Sermon – Israel and its Judaisms

Written by Rabbi Josh Levy — 5 March 2016

Just a couple of weeks ago, on Thursday 11 February, the Supreme Court of the State of Israel made one of the most significant decisions in its nearly 70 year history.  It was a decision that received remarkably little fanfare, but which was, in its way, much more significant than the compromise government decision a couple of weeks earlier to create a separate non-Orthodox prayer section near the Western Wall.

The Supreme Court ruled that all state run mikvaot – ritual baths – in the country must allow access to those seeking immersion for the purpose of non-Orthodox conversion.  Prior to that date, the Religious Services Ministry – currently led by MK David Azulai of the ultra-Orthodox Shas party – had prevented their use for this purpose.

The decision was the end of a decade-long legal process led by IRAC, the Israel Religious Action Centre, whose Executive Director, Anat Hoffman, is a regular visitor to, and friend of, this community.  The case focussed on one public mikveh, in Beersheva, but widened throughout the country – in large part because the Religious Services Ministry rejected a deal that would have given non-Orthodox converts access to three specified public mikvaot, for fear that this would be to legitimise non-Orthodox conversion.  That deal having been rejected, though, the wider ruling applies to all public mikvaot in the State of Israel.  In giving the ruling, Supreme Court Justice Elyakim Rubinstein stated that “the moment Israel funds ritual baths and makes them available to the public, they cannot be used in a discriminatory way.”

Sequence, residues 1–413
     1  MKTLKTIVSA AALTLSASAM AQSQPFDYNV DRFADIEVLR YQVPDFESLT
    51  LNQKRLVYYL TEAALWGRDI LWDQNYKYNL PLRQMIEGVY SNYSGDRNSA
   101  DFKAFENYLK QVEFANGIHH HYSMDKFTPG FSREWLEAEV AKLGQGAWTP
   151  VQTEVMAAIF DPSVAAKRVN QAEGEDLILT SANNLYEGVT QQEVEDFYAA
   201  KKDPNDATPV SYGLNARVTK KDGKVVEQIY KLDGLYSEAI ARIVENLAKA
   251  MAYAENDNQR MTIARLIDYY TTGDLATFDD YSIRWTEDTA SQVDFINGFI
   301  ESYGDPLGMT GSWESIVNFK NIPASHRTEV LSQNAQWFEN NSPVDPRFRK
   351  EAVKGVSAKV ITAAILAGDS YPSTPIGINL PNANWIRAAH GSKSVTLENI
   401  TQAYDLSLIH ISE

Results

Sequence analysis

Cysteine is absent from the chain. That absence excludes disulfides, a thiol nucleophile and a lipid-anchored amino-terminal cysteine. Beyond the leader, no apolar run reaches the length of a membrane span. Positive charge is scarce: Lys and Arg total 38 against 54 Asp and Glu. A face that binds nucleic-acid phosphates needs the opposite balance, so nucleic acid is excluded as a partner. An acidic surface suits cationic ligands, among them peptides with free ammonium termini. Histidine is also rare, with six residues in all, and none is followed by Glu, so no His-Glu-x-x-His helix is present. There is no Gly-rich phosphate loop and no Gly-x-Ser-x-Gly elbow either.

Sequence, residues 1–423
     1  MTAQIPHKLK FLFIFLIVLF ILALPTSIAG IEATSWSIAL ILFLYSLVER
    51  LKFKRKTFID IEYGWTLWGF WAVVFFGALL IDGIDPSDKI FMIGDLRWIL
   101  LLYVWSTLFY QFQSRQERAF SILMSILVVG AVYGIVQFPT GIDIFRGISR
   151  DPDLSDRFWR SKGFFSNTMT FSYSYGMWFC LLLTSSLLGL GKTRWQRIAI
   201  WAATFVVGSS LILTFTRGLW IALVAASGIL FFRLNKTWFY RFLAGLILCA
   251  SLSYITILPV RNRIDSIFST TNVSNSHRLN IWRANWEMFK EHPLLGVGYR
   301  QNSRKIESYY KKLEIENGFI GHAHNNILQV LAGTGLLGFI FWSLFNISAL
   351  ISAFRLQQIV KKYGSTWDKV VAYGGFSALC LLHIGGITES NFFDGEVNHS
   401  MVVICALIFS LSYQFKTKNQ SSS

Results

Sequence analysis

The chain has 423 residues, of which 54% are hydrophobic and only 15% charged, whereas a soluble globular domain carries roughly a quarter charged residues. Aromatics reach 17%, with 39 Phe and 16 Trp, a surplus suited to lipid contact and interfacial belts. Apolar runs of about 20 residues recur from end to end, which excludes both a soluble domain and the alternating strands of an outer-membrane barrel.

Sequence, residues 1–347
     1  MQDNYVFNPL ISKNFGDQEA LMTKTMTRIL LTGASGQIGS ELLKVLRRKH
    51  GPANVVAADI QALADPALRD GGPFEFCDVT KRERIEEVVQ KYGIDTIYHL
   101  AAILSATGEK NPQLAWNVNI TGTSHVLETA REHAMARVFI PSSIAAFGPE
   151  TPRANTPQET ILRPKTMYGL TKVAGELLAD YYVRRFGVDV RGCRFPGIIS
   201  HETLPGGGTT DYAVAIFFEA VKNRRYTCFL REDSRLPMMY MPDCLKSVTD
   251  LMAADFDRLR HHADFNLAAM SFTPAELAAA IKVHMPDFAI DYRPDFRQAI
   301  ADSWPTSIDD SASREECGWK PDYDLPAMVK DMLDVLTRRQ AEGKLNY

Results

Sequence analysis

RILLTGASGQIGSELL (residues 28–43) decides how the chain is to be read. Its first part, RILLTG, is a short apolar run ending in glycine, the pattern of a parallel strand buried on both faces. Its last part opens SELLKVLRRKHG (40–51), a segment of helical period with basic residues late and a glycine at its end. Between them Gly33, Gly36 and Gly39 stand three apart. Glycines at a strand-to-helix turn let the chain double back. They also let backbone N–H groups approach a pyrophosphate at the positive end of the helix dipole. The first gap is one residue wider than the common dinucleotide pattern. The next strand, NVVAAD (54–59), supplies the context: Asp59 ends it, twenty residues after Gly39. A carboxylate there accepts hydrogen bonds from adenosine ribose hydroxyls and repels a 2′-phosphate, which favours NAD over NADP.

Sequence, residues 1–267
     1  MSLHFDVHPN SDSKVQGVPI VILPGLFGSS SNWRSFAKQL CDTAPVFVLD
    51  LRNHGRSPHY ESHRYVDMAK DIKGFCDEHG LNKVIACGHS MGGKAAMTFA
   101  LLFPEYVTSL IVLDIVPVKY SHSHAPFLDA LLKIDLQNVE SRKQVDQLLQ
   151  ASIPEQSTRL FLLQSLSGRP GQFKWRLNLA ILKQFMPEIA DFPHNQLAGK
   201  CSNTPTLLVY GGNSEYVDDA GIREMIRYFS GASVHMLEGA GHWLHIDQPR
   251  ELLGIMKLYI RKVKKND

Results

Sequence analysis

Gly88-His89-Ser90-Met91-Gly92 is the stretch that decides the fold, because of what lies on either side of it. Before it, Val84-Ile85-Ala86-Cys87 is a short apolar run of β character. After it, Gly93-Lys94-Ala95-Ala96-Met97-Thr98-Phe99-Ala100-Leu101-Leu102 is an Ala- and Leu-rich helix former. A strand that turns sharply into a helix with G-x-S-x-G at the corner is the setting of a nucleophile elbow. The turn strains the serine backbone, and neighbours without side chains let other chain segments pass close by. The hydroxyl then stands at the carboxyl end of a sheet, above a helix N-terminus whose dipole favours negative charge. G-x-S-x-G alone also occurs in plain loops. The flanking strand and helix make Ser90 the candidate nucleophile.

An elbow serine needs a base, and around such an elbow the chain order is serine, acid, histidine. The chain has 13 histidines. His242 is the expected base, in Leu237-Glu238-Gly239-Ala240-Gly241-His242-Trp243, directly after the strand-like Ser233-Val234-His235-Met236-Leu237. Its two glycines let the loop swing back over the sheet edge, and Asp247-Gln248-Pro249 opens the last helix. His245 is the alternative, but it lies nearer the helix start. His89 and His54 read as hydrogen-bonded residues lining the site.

The response of the Israeli ultra-Orthodox rabbinic establishment, has been furious.  Their parties in the Knesset, which control the balance of power, have already indicated their intention to introduce legislation to reverse the change, as they have sought to challenge other rulings in the past, such as the ruling that funding must be granted to the building of non-Orthodox communal buildings.
And the accompanying rhetoric has been, to say the least, extreme. One example, not atypical, was the reaction of Israel Eichler of the United Torah Judaism.  He responded: “Not every mentally ill person can come to the operating room and decide the rules of medicine and force the hospital to have an operation by whatever way works,”

Why has this made them so angry?
What difference if state run mikvaot are used for this purpose.  A mikveh, after all, can no more be made impure than a river or stream, of which it is just an artificial version.
And no one is asking that, because of this change, they should now recognise Progressive conversions – any part of the Jewish world has the right to give Jewish status to whomever they see fit, on the basis of their own guidelines, and has no right to impose those onto any other part of the Jewish world.  So, in Israel, non-orthodox conversions will remain, as presently, recognised by the State for purposes of population registration, but not by the powerful Israeli Rabbinate, for things such as marriage.
So why the anger?

One reason for the ire is that at stake is political power.  This is one skirmish in an ongoing struggle.  The arenas of the battle are most often one of two things: state funding of non-Orthodox institutions, and questions of Jewish status.  This case has both, so the strength of the response was not unexpected.

But this is not only about power and finance.  It also comes from a fundamental religious conflict.  In truth, what is going on is a struggle over the very meaning of the word Judaism in Israel.

Think back to the analogy from Israel Eichler that I quoted earlier.  Parking, for now, the unacceptable, but alas not atypical, use of mental illness for the purposes of insult – the analogy is enlightening.  This is not just an angry insult, but a very pointed, very intentional, positioning.  There is a long Charedi tradition of using the doctor analogy to challenge Progressive Judaism.

The doctor analogy reflects a religious viewpoint which is about expertise in following pre-determined rules and processes, about a binary right or wrong decision making.  The analogy he makes – no mentally ill person can come in and “decide the rules of medicine” – works for him because the rules of Judaism exist for him as an independent truth beyond us all – a divine map projected onto the world, genuinely akin to the laws of nature.